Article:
A Case Study: Traditional versus Agile Approaches changes, especially if they are requested at the last minute. In Agile approaches, changes to requirements are not only accommodated in the process; they are welcomed. So, if further product testing reveals a potential issue with people who have Type 2 Diabetes using the new pill – and government regulations, therefore, require a warning to any customers with this condition – Agile Approaches, Inc. is in a position to meet this new requirement well before the product launch date. With the updated information (and expected business values) reflected on the index cards, the marketing department representatives again order each requirement in a top-down priority list, based on the most currently determined business value. The website development team subsequently advises the marketing representatives on how much of the highest-priority work they can reasonably achieve in the next four weeks. The website development team then proceeds to create fully functional and comprehensively tested features for the product website, based on the priorities identified by the business. The Agile approach The website team spends the first four weeks building fully functional and comprehensively tested website features. Their hands-on work means that risks and issues are identified early in the process. The business team is able to review working website features and reprioritize ongoing work based on the issues identified.
A Case Study: Traditional versus Agile Approaches The next three months … Over the next three months, the marketing, customer service and website development team representatives continue to meet at the start of each month to review the real working functionality that has been built and fully tested for the product website. They discuss the work that has been completed and any issues that have arisen. They update the business requirements based on feedback from the website development team’s work, along with any other changes to market conditions. They reprioritize the requirements for each month based on the relative business value of each website capability. Each month, the website development team delivers a greater set of fully functional and comprehensively tested high-priority capabilities in the product website. November The marketing, customer service and IT department representatives meet once again to review the work that the website development team completed in October. Except, this time, the marketing team has an exciting announcement for the group. The government-regulated testing of “NoSneezium” is completed and the product is approved for general market distribution two months ahead of schedule. The inevitable next question for the website development team: How soon can the product website be released? The website development team advises that, if they stopped all new development on the product website and focused only on releasing the work that they have done thus far, the website could be live within two weeks. This means that the
A Case Study: Traditional versus Agile Approaches organization will be getting the high-priority capabilities that they identified over the past four months, all fully functional and comprehensively tested. This includes the sample request form, which has now been optimized to handle up to 10,000 concurrent form submissions – and updated to eliminate the page-bypass security flaw – based on the research that was done in August. On November 15th, Agile Approaches, Inc. launches “NoSneezium” to the marketplace, along with a fully functional website that includes a sample request form and warnings to potential customers with Type 2 Diabetes. The Agile approach The website team delivers an increasing number of fully functional and comprehensively tested website features every four weeks. Even though the deadline is moved up two months, the website team’s hands-on work throughout the process means that the organization can safely progress with an early release that meets business requirements.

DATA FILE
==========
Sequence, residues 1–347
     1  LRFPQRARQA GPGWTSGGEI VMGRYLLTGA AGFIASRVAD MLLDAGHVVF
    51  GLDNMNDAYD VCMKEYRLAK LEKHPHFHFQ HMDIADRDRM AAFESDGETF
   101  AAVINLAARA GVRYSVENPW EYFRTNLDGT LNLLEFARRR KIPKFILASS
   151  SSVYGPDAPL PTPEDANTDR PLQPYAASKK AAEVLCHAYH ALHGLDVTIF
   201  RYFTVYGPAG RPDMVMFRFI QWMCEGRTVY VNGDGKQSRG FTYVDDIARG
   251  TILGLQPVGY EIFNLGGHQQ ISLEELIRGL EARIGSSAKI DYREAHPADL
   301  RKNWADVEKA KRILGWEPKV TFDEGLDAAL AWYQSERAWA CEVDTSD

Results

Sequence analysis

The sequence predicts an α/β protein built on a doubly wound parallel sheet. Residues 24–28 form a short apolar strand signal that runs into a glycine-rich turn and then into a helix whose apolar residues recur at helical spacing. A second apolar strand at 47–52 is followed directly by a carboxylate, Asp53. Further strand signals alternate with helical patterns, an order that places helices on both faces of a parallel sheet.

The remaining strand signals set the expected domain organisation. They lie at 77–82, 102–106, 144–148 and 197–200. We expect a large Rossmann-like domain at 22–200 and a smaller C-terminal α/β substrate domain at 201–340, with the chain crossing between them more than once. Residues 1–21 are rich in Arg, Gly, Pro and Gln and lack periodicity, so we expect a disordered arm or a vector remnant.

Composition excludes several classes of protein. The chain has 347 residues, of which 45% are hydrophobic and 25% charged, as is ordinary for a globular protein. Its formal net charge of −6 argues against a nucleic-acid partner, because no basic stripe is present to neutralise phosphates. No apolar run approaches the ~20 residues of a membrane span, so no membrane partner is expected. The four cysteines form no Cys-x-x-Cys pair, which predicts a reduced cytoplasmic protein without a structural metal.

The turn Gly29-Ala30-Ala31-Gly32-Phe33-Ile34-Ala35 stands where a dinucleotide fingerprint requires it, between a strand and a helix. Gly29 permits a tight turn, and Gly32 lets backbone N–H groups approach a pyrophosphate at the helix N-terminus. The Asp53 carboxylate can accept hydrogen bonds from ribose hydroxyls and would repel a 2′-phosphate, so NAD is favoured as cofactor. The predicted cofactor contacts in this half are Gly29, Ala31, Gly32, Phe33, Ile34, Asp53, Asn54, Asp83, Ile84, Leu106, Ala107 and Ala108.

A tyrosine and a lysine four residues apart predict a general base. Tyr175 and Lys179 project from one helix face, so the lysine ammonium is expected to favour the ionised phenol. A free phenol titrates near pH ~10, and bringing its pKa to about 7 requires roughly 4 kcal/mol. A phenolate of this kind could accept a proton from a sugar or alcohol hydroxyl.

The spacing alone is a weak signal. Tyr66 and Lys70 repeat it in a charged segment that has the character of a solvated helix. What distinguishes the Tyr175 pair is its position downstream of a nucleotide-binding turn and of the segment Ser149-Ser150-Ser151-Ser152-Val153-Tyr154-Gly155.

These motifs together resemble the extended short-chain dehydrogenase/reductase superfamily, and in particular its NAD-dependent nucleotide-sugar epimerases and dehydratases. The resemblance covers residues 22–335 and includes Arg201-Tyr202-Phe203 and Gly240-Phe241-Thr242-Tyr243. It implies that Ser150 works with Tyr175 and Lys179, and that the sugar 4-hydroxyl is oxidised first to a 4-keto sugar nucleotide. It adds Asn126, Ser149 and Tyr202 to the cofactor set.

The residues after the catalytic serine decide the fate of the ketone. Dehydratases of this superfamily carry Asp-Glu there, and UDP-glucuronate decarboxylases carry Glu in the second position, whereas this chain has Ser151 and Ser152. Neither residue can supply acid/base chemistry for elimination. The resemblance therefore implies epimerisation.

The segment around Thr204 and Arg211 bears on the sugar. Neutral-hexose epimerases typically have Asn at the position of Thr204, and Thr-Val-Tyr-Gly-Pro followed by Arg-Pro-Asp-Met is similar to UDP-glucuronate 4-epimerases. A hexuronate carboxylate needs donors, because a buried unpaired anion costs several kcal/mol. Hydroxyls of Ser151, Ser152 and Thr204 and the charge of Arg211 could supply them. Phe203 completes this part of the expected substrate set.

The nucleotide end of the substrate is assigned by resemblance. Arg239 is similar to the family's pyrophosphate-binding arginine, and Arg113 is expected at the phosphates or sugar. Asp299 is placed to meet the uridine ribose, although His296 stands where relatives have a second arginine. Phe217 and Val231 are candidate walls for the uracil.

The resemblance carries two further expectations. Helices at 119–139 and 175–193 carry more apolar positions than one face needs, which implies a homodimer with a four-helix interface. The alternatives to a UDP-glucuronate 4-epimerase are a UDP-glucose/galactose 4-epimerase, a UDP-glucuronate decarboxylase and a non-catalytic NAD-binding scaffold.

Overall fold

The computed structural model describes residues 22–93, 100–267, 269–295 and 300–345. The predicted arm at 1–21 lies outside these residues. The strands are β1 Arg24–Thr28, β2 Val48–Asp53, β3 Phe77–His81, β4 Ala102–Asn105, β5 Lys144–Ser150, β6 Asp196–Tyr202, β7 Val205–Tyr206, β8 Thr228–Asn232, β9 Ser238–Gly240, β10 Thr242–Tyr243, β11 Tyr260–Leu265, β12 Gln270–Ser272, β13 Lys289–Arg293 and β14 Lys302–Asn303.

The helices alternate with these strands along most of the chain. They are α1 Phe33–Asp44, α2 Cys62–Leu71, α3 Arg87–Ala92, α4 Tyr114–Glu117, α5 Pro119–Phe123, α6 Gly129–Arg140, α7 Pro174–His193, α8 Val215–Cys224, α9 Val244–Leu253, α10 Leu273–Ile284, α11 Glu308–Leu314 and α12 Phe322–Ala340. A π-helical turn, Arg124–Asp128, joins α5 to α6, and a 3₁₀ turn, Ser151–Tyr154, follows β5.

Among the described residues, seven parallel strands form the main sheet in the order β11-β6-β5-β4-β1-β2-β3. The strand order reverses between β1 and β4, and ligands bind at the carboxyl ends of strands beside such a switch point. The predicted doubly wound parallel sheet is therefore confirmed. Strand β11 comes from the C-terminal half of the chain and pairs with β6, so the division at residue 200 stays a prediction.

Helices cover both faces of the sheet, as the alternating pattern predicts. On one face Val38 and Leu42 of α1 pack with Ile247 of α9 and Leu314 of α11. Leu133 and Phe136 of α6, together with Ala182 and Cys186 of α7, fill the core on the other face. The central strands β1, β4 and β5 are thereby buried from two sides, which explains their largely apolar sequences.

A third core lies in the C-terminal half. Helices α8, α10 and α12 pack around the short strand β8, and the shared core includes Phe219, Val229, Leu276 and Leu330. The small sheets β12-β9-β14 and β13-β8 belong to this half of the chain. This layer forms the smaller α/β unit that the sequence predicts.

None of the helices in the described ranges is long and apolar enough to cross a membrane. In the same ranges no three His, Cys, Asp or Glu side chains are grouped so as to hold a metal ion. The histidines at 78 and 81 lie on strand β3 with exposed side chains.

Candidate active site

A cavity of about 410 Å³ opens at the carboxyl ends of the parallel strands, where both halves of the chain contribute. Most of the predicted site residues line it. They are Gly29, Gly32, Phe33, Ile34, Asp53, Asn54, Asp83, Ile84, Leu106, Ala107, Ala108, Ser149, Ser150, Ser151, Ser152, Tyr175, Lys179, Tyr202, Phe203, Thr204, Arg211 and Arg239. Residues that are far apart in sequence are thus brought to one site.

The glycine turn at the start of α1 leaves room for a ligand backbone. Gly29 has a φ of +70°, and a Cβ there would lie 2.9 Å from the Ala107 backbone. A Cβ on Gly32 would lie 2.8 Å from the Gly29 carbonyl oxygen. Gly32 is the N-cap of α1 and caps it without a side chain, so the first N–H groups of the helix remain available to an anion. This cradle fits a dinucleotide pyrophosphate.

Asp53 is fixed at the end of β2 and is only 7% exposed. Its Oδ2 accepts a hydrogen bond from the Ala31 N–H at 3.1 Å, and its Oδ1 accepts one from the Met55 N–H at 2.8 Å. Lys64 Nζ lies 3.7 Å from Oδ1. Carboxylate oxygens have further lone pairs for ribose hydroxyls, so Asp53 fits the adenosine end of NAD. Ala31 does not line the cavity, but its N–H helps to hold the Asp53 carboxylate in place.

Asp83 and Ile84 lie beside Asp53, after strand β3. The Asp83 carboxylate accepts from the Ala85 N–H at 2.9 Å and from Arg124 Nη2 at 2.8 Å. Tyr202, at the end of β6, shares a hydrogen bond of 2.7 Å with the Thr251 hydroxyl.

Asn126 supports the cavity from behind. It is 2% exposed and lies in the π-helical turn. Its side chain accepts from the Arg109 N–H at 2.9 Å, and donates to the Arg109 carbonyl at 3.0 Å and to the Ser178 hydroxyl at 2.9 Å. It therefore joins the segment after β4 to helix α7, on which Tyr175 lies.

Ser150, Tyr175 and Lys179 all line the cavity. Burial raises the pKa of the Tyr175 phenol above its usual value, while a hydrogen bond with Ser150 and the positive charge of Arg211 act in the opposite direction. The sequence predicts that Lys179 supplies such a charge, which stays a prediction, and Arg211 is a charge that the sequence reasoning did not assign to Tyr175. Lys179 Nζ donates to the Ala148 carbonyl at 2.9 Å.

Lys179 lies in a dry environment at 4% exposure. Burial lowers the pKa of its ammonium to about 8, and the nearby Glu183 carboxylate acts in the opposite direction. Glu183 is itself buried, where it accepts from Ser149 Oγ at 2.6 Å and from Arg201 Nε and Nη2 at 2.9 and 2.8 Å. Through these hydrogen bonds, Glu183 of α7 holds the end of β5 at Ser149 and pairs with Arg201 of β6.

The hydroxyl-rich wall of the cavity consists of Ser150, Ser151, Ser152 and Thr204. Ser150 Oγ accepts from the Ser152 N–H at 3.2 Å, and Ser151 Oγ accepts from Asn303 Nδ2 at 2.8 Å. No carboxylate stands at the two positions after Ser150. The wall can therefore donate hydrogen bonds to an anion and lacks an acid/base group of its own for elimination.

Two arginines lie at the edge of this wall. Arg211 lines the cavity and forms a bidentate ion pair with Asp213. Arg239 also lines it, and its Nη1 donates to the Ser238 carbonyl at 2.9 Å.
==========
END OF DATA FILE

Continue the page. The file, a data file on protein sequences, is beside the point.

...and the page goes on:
In the same timeframe, Traditional Approaches, Inc. (which was also informed about the early completion of government-regulated testing) is currently scrambling to get their 75% completed – and 100% untested – website out to the public to keep up with the competition. This means that the performance and security issues in their sample request form – issues that could have been found in internal testing – are now released on the live website for the public to find. Traditional Approaches has potentially jeopardized both its reputation in the marketplace and its license to distribute pharmaceuticals.
A Case Study: Traditional versus Agile Approaches So, using Agile approaches not only enabled the product website to be built in time for the January 1st product launch, it allowed Agile Approaches, Inc. to confidently deliver the website six weeks ahead of schedule in response to changing market conditions. Not only did these approaches provide the organization with a significant competitive advantage, the reduced website development time meant that they spent less than 80% of the originally allocated budget – freeing up the website development team resources to work on other value-added activities for the organization. It should be noted that the majority of communication of the website requirements for Agile Approaches, Inc. was done verbally in meetings, not through formal written documentation. The website development team is required to document the website for future reference purposes (e.g. maintenance), but because requirements are being shared in the monthly meeting, it is not essential that this documentation is done upfront. In fact, if the documentation is done retrospectively, after the website has been released, it will both allow the team to focus on their core work and better reflect the actual behavior of the released website.
A Case Study: Traditional versus Agile Approaches